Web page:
The King of Attolia by Megan Whalen Turner: A+

From the front flap:
There is a new king in Attolia. Attolia’s barons seethe with resentment, the Mede emperor is returning to the attack, and the king is surrounded by the subtle and dangerous intrigue of the Attolian court.

When a naive young guard expresses his contempt for the king in no uncertain terms, he is dragged into the center of the political maelstrom. Like the king, he cannot escape the difficulties he makes for himself. Poor Costis knows he is the victim of the king’s caprice, but he discovers a reluctant sympathy for the man as he watches the newly crowned king struggle against his fate.

Eugenides is being his usual brilliant, lazy, bored, self-mocking, others-mocking, and occasionally hotheaded self in this book. He’s such a great character; I could read a whole book just about him reacting to things. In fact, in the first hundred pages, there isn’t a lot of plot, just setting the scene of life at the Attolian court and how the also likable Costis has been snagged into the service of the king. “Poor Costis,” indeed.

And then the intrigue starts, and the character development, and the little revelations behind what the public perceives and… it’s just so well done! It’s hard to describe too much, as I am determined to avoid spoilers.

I’ve enjoyed every book in this series, but it’s been this one that’s really cemented me as a devotee and left me impatiently awaiting Gen’s future exploits. Each has been better than the last, but The King of Attolia is perfect. Do yourself a favor and read these books!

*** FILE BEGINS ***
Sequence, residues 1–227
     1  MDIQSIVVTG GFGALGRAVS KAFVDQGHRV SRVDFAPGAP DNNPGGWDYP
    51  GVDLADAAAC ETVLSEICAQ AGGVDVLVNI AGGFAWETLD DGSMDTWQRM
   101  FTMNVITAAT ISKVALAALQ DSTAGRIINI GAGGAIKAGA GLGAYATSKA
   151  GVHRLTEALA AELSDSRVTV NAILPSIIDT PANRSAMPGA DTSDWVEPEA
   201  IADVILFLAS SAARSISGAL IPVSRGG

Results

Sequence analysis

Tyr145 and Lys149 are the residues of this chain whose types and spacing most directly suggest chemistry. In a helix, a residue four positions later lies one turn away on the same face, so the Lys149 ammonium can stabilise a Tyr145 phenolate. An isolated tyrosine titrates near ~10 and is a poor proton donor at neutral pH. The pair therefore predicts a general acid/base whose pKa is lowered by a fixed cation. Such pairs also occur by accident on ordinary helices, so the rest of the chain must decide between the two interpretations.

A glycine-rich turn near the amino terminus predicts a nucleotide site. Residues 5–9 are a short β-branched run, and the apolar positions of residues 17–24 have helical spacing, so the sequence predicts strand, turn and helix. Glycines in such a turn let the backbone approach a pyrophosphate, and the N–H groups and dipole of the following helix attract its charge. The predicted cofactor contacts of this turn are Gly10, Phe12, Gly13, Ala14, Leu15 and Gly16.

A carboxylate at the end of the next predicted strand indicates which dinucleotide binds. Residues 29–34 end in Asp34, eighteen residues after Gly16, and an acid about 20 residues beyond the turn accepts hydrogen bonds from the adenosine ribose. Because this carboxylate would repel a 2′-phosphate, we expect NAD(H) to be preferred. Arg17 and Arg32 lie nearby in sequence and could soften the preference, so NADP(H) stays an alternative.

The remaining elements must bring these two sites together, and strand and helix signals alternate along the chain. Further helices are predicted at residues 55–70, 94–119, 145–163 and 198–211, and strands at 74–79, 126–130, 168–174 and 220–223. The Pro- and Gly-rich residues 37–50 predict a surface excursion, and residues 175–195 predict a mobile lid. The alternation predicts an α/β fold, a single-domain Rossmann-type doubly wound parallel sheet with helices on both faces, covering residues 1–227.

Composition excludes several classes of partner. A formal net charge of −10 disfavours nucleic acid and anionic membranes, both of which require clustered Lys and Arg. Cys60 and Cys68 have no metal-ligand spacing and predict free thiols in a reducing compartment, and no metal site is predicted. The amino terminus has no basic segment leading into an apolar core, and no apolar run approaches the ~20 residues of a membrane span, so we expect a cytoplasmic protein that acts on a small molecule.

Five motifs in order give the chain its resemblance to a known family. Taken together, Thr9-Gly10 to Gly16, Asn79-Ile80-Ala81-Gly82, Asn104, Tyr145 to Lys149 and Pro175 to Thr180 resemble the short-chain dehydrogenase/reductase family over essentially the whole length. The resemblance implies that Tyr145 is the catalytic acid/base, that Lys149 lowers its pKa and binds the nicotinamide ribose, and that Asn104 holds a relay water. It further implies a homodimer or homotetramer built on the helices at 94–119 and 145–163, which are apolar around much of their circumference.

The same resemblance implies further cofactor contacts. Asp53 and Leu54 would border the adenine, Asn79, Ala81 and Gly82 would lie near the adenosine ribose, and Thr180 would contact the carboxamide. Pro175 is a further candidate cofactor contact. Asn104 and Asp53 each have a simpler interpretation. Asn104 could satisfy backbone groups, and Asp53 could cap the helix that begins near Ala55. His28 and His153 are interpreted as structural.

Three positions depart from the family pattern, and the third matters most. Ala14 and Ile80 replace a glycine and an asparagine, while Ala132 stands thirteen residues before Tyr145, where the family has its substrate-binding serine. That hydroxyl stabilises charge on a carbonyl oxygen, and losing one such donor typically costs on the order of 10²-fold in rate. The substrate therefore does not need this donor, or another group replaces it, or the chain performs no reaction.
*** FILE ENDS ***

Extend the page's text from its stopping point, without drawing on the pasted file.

The Queen of Attolia by Megan Whalen Turner: A-

From the front flap, edited for spoilers:
When Eugenides outwitted the Queen of Attolia, she lost face. To restore her reputation and reassert her power, the Queen of Attolia will go to any length and accept any help that is offered… she will risk her country to execute the perfect revenge.

Eugenides can steal anything. And he taunts the Queen of Attolia, moving through her strongholds seemingly at will. So Attolia waits, secure in the knowledge that the Thief will slip, that he will haunt her palace one too many times.

The Queen of Attolia is the sequel to The Thief, set in the same world but without the same narrator. Strenuously avoid reading the description of this book on Amazon, for there is a spoiler right there in the first sentence. I was its victim, but thankfully, the event it describes happens fairly early on so I didn’t have to spend the whole book wondering when it was going to occur. Suffice it to say, Gen does a lot of growing up in this book.

He’s still as likable as he was the first go around, but with this volume, I’ve also grown to like the Queen of Eddis quite a bit. A rational, competent, female leader in trousers who spurns offers of marriage and earns her court’s loyalty by ability rather than by scheming, Eddis (the monarchs go by the names of their countries) is an excellent character.